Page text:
The Jerusalem Post
If we are to find our redemption, we must first find ourselves
In his introduction to Book of Genesis, the renowned 19th-century scholar Rabbi Naftali Tzvi Yehuda Berlin (known as the Netziv) notes that the book was also referred to by the prophets as the book of the yesharim, literally “the straight ones” – people with integrity. The explanation given is that the Book of Genesis is the story of our forefathers; they were people whose righteousness was specifically defined by how they interacted with others – even with people who thought and acted differently from them.
The reality is that there are people who claim to be pious and may even look the part of truly righteous people, but who are at times not people of integrity. We know that throughout history, and certainly in our contemporary world, there are those who think they are acting in the name of God when they speak and act out against others, but their very actions are the likes of those which brought about the destruction of the Temple, and prevent its rebuilding up to this very day. Indeed, the Netziv himself says that those people who claimed to be God-fearing and “religious” were the very ones responsible for that destruction.
These people may be ritually robotic but they lack derech eretz, treating others with love and respect. As the Netziv states, this is a basic definition of what it means to be a person of integrity.
Our world today is blessed with the reality that we have so much going for us, and plagued by the fact that we fail to excel in this basic human ability to respect those who think differently. We are blessed to live in our own state, a Jewish state that controls its own destiny, but we still are not able to achieve the ultimate redemption we strive toward and pray for each and every day. It is this very reason that while Tisha Be’av will eventually become a day of celebration to mark that ultimate redemption, it remains a day of commemoration for the tragedies that have befallen us throughout the generations.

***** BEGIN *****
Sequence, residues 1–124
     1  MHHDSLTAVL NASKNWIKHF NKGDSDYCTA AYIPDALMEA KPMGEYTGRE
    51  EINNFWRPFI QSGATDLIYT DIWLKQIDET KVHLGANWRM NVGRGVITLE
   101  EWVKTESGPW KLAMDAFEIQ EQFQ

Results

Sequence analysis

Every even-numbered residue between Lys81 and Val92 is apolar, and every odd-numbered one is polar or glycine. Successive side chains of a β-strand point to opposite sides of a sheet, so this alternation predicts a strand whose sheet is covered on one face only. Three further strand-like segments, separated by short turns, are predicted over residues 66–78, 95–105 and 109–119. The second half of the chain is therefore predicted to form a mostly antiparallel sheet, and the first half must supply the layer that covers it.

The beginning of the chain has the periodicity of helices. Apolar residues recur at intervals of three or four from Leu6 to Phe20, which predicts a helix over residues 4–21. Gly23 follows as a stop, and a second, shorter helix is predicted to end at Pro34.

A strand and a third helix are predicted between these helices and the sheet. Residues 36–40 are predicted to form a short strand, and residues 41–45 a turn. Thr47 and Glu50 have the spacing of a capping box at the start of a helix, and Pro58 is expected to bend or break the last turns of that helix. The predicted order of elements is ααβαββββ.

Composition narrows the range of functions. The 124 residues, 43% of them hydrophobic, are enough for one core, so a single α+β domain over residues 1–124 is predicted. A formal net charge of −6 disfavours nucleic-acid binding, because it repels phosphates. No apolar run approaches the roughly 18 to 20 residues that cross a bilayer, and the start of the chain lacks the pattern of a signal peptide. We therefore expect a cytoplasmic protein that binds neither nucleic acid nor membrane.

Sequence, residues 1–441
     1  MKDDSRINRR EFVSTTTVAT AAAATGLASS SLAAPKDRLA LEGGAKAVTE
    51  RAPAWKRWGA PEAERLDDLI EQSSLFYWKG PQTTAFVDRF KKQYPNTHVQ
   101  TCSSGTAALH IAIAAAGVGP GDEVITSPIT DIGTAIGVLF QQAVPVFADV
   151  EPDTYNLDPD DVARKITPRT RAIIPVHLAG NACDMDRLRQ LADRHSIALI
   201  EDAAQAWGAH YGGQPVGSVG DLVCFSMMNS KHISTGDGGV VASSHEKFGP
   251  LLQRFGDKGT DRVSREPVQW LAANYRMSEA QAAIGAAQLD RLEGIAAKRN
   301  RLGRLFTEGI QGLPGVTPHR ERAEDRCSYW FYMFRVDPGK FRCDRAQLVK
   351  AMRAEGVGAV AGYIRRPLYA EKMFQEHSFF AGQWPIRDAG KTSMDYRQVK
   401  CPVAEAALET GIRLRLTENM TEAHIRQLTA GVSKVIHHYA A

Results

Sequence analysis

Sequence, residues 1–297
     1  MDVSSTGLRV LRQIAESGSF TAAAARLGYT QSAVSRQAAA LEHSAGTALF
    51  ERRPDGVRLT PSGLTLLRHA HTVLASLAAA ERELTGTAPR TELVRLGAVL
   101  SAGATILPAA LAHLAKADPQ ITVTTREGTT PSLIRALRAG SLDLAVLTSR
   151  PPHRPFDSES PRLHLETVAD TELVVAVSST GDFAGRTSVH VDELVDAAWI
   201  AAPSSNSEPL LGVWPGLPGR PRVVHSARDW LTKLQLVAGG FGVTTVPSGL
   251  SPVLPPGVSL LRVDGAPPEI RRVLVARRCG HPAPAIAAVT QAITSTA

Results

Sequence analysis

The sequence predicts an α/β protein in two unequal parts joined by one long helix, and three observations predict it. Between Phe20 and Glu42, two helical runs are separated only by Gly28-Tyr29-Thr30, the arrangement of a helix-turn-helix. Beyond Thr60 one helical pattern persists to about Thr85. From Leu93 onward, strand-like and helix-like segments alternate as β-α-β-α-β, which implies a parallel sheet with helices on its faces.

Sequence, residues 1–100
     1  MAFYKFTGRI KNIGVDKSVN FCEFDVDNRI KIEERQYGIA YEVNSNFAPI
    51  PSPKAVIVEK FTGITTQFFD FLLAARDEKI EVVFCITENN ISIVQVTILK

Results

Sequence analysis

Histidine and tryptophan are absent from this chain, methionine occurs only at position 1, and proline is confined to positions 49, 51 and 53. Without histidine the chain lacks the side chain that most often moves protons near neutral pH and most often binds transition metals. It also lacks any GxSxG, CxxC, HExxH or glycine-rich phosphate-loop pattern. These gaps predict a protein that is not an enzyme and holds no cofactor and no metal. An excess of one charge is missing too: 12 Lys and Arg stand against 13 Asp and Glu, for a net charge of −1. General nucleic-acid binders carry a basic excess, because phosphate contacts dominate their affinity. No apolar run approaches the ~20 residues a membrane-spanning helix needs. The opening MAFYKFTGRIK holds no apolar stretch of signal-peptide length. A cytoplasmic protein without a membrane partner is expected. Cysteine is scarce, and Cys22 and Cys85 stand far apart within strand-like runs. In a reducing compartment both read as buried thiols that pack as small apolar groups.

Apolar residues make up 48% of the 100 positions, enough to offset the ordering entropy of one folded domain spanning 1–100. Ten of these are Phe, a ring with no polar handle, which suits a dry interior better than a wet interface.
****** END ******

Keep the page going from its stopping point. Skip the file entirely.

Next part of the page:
SADLY, IF we look out at the world around us, it is all too easy to understand why a redemption built upon respect still evades us. The language that defines our interactions with others is all too often peppered by hostility and hatred, and we look down at the other rather than try to understand the challenges and aspirations that might make them different.
The service on Tisha Be’av focuses on golah, exile, and its movement towards geulah, redemption. The difference between these two Hebrew words is one letter, aleph, for ani – me. We can make the difference between golah and geulah. “Where am I in moving the destiny of the Jewish people and society forward?”
The difference in the words directs us to contemplate, and to find a solution. What do we intend to do in order to shape our destiny anew?
This year, for the first time, Ohr Torah Stone has joined forces with the creators of the well-known HaLayala Lo Lomdim Torah program that takes place throughout Israel every Tisha Be’av. We are delighted to have been able to also make sure that one of the 17 events will be in English.
The program is designed to focus our emotional and mental attention on this most somber of days to ask these questions of what we can do to change our world for the better. The name of the evening, HaLayala Lo Lomdim Torah (“Tonight we don’t learn Torah”), comes from the traditional custom that we are prohibited from Torah study on this day because it fills us with a sense of personal joy that we need to avoid during this day of mourning. But in place of traditional Torah study, we should not make the mistake that we are exempt from education. So we developed this program to focus on a series of thought-provoking lectures and conversations that address the schisms and conflicts which sadly still pervade our society.
Ultimately, if we hope to emulate our forefathers and become a people of great integrity, true yesharim, we will first need to answer this age-old question, “Where are we?” Because only if we are part of the solution and we are present in changing our world for the better will we ever be blessed with that ultimate redemption.
Rabbi Dr. Kenneth Brander is president and rosh hayeshiva of Ohr Torah Stone, a Modern Orthodox network of 30 institutions and programs making a transformative impact on Jewish life, learning and leadership worldwide. For more information on the Tisha Be’av program, visit www.ots.org.il/?s=tisha.